Baseball America profiles four prospects who have shown particularly well in winter ball, among them MaxRam.
Max Ramirez, c, Rangers: Since he was a teenager, Ramirez has always stood out among his peers at the plate. Ramirez followed up an outstanding minor league season by leading the Venezuela League with 15 home runs and ranking second in slugging, finishing with a .291/.391/.618 line in 220 plate appearances. Ramirez has 65 power on the 20-80 scouting scale, but he’s a bit of a different animal from Sandoval offensively, as evidenced by Ramirez’s 57 strikeouts this winter.
"His swing is different from Sandoval’s," said one scout. "Sandoval is short to the ball and can hit the ball out of the park anywhere because of his ability to use his hands. Ramirez is more of a pull-oriented hitter—not a dead pull hitter—but his swing is longer. He could hit 25-30 homers in the majors, but he’s more vulnerable against changeups and curveballs. Sandoval’s swing can adjust better to offspeed stuff because he’s short and compact and stays back a little bit longer."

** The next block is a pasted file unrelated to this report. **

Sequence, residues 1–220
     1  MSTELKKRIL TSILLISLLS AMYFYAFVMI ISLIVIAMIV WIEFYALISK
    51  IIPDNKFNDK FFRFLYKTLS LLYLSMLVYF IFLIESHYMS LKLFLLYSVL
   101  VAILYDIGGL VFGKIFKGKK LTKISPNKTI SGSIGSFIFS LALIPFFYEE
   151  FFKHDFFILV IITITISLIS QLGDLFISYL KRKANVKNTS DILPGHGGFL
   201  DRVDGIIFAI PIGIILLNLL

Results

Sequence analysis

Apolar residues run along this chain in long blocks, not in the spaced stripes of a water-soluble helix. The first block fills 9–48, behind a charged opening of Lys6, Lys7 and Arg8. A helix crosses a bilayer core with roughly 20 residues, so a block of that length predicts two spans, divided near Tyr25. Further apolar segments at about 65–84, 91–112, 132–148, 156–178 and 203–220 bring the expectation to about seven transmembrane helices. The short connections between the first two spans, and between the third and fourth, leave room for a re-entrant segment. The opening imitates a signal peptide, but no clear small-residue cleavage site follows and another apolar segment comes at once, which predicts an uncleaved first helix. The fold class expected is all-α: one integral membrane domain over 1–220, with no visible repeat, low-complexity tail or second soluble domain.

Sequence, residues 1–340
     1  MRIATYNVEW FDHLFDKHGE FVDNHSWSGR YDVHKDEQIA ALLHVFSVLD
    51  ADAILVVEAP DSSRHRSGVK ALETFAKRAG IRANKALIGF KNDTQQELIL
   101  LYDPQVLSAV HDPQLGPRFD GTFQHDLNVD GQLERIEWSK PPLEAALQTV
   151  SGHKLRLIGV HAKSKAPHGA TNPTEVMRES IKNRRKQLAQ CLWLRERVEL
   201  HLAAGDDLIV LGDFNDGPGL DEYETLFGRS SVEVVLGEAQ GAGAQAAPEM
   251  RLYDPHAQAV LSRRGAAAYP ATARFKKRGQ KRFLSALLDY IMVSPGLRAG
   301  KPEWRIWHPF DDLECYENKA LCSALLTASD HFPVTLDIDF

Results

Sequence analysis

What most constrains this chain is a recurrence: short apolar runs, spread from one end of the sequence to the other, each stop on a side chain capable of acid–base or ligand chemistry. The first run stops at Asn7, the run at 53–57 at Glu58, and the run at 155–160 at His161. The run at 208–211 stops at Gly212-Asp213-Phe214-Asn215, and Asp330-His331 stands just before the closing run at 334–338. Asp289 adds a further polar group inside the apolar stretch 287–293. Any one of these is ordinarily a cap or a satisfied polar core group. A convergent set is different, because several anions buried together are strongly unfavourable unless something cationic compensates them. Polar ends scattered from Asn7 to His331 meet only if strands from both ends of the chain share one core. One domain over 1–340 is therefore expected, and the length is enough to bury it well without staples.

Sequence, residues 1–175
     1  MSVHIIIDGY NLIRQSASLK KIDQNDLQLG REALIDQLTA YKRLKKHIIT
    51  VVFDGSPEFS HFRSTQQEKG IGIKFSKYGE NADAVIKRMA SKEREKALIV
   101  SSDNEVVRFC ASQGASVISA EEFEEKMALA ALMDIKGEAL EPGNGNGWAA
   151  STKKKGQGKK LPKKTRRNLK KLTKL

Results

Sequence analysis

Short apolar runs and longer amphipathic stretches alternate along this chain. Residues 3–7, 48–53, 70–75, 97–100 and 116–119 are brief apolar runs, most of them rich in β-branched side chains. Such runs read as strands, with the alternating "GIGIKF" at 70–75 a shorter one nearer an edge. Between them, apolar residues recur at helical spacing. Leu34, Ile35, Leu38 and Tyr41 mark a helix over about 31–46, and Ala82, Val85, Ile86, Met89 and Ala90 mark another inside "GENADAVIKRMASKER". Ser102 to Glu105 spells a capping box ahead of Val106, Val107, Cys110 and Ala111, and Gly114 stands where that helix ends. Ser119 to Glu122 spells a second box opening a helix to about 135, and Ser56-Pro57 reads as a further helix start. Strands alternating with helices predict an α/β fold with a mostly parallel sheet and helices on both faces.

Like Sandoval, Ramirez will also have to monitor his conditioning to stay behind the plate. Even after trading Gerald Laird, the Rangers still have to sort out their catching situation between Jarrod Saltalamacchia, Taylor Teagarden and Ramirez. The general scouting consensus from those who watched Ramirez during the minor league season was that he might eventually have to move off the position, but at least one scout who saw Ramirez in Venezuela said that Ramirez has the potential to catch in the big leagues.
"That guy is going to be a major league everyday catcher," the scout continued. "He still needs to improve his catching and throwing, but he’s still young. He can catch, he can block—you can see him getting better. But this kid can hit in the major leagues."